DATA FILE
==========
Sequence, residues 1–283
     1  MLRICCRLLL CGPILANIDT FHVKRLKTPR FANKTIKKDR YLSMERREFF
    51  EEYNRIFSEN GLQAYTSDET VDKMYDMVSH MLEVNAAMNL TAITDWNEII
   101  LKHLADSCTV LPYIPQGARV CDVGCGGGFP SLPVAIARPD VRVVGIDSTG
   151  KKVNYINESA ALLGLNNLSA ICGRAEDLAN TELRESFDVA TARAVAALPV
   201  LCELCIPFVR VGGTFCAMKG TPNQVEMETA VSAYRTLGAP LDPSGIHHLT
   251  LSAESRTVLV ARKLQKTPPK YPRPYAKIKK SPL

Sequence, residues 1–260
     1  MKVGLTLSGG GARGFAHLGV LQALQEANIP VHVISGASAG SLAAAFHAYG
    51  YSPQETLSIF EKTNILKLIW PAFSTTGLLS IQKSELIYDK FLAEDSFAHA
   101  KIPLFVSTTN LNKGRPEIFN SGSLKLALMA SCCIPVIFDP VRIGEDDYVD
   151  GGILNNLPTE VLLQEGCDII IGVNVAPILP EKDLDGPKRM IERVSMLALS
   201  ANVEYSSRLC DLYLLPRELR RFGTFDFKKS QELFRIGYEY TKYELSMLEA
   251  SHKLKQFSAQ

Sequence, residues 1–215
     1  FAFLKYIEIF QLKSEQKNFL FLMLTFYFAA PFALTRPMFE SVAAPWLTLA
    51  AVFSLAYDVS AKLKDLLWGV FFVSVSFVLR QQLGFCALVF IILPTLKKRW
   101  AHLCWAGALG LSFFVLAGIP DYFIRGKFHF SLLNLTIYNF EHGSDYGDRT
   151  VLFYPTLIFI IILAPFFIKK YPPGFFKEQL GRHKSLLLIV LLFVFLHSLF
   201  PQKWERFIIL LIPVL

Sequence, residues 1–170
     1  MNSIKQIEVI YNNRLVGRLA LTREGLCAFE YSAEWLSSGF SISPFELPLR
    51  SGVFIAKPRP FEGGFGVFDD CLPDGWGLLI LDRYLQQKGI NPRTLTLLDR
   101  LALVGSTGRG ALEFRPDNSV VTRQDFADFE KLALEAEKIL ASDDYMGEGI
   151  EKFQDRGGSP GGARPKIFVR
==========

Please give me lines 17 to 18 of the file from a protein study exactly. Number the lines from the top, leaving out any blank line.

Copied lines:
    51  AVFSLAYDVS AKLKDLLWGV FFVSVSFVLR QQLGFCALVF IILPTLKKRW
   101  AHLCWAGALG LSFFVLAGIP DYFIRGKFHF SLLNLTIYNF EHGSDYGDRT